Dowland: Lute Music and Dances

Author: 
John Duarte
DOWLAND Lute Music and Dances

DOWLAND Lute Music and Dances

  • Galliards, The Lord Viscount Lisle (Sir Robert Sidney) his Galliard, P38
  • Galliards, Can she excuse, P42, The Earl of Essex his Galliard, P42a
  • Galliards, The Right Honourable Lady Rich, her Galliard, P43
  • Galliards, The Right Hon Ferdinando Earle of Darby, his Galliard, P44
  • Galliards, Dowlands First Galliard, P22
  • Galliards, Frog Galliard, P23
  • Galliards, Melancholy Galliard, P25
  • Pavans, Piper's Pavan, P8
  • Pavans, Semper Dowland Semper Dolens, P9
  • Pavans, Resolucon (Dowland's adew for Master Oliuer Cromwell), P13
  • Pavans, Lachrimae, P15
  • Almains, Sir John Smith his Almain, P47
  • Almains, Almain, P49
  • Almains, My Lady Hunsdons Allmande (Puffe), P54
  • Jigs, Corantos, Toys, etc, Mrs Vauxes Gigge, P57
  • Jigs, Corantos, Toys, etc, The Shomakers Wife a Toy, P58
  • Settings of Ballads and Other Popular Tunes, Lord Willoughby (Lord Willoughby's Welcome Home), P66
  • Lachrimae, or Seaven Teares, Lachrimae Verae
  • Fantasies and Other Contrapuntal Pieces, Forlorne Hope Fancye, P2
  • Fantasies and Other Contrapuntal Pieces, Farwell, P3
  • Fantasies and Other Contrapuntal Pieces, Fantasie, P5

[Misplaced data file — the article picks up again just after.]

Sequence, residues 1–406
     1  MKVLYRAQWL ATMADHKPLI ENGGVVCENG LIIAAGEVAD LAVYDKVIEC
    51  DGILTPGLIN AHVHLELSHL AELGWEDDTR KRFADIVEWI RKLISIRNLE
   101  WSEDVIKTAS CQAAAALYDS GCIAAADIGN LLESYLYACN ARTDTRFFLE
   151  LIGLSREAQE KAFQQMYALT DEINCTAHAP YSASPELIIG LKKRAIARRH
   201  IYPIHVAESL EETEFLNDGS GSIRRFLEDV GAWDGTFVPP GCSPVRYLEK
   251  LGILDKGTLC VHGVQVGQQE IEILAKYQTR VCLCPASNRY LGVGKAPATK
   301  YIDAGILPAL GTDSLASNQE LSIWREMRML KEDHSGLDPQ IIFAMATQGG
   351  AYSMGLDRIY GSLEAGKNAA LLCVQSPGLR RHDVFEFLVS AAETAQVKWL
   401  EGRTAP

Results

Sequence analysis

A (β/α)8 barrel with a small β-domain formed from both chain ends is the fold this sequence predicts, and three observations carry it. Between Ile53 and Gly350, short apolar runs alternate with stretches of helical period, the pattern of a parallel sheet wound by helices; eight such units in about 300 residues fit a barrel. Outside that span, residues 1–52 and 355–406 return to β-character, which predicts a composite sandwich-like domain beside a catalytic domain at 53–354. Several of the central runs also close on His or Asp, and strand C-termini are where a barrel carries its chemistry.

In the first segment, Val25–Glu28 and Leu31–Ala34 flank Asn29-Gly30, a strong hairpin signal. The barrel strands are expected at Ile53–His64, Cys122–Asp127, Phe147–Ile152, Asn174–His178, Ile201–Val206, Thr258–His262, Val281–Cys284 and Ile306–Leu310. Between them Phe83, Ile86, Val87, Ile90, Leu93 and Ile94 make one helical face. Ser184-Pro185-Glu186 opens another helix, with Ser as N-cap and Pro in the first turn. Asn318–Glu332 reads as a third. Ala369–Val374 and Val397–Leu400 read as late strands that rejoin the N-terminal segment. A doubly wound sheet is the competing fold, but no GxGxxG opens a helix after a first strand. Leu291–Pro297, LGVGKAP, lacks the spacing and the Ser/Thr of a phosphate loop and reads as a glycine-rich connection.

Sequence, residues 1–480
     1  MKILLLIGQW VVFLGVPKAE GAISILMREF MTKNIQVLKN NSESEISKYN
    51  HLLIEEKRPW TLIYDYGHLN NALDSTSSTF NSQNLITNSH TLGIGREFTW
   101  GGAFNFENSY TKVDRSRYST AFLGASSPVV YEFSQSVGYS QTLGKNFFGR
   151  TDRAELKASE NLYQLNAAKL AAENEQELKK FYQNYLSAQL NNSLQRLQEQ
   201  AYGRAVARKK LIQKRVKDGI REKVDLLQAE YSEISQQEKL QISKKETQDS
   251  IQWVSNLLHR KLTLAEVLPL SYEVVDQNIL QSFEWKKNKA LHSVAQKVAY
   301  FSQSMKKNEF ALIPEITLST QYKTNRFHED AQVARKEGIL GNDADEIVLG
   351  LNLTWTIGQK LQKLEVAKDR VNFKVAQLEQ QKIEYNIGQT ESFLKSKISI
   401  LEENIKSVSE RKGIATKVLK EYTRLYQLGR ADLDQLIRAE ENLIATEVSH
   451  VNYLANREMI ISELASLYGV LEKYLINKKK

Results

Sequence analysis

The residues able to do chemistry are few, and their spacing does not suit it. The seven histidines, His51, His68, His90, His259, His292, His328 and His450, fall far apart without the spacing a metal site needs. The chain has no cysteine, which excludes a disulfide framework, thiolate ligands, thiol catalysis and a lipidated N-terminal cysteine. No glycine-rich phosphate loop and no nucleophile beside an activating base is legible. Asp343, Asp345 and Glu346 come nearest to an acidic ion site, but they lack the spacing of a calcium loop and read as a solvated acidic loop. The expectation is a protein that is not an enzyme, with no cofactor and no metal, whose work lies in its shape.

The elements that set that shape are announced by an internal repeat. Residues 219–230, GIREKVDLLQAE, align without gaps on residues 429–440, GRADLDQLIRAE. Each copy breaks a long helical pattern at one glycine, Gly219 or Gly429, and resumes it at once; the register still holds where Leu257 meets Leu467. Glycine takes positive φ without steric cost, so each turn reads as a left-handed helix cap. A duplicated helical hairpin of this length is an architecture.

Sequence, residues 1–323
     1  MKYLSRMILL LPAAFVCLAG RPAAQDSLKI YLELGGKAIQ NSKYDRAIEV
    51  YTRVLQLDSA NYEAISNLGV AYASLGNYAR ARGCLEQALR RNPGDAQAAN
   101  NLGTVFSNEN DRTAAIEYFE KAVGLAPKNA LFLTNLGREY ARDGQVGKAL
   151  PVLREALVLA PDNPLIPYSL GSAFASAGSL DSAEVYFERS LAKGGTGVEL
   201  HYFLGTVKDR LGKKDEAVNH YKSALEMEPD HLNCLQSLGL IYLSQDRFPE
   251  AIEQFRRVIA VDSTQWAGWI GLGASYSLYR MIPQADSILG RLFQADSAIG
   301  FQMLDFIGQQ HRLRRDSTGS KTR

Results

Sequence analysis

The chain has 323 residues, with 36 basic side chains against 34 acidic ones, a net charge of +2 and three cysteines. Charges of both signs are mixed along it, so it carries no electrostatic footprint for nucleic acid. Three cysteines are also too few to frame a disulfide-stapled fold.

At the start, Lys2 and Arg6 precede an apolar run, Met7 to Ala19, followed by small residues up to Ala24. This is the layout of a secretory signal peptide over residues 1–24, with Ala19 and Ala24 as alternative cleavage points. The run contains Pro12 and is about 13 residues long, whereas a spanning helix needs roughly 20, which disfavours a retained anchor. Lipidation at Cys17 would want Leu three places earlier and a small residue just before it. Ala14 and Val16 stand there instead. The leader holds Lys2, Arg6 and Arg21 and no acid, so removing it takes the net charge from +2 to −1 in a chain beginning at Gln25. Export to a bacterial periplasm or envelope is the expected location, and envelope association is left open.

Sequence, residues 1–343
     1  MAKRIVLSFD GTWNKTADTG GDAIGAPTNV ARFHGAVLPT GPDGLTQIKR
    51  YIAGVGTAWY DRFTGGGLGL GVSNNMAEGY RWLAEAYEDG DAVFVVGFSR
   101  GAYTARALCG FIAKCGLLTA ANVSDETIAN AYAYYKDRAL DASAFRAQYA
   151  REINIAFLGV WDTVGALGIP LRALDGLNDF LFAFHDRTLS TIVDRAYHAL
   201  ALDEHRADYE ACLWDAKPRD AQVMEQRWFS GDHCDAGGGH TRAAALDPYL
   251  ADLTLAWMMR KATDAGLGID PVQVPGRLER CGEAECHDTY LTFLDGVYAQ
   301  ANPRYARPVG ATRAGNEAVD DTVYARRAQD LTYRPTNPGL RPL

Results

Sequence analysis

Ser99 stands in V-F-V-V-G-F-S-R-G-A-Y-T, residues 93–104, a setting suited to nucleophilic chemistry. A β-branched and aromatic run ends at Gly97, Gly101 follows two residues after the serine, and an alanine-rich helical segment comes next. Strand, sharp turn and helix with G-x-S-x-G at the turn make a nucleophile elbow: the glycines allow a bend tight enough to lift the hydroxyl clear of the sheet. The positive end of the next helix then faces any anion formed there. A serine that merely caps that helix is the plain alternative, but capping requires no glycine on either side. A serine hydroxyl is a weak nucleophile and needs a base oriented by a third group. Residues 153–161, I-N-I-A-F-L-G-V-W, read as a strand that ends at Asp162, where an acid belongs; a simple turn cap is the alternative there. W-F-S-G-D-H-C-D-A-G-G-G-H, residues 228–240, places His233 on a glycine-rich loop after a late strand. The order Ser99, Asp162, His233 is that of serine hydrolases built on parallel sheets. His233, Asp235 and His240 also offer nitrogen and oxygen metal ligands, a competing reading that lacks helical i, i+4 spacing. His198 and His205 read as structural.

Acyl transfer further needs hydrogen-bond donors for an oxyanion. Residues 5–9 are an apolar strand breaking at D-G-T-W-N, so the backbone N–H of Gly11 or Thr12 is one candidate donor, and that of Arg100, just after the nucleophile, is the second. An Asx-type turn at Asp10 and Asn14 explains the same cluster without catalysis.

• Sir Henry Guilforde his Almain

Many of today's most famous lutenists began with but abandoned the guitar; Bream has maintained a uniquely distinguished career with both instruments. The attitude of 'authentic' lutenists towards Bream has been ambivalent: his instrument, playing technique and style are all in some degree 'inauthentic' and he is therefore not a 'real' lutenist; on the other hand, by freely communicating the Spirit and rich variety of the music (and without making it evident that the lute is a difficult instrument) he has done more than any other single player to re-establish the lute in the affections of the musical public. If he is not a 'real' lutenist then few will know the difference and fewer will care about it; most will happily settle for these wonderfully live and human performances of music by the greatest of all English lutenists, as I feel Dowland himself might have done. The sound is magnificent and you can hardly tell that the programme is collated from two recordings, separated by a nine-year gap. This is, pace the purists, as important a recording of lute music as any on offer, a statement of what this marvellous music is really about.'

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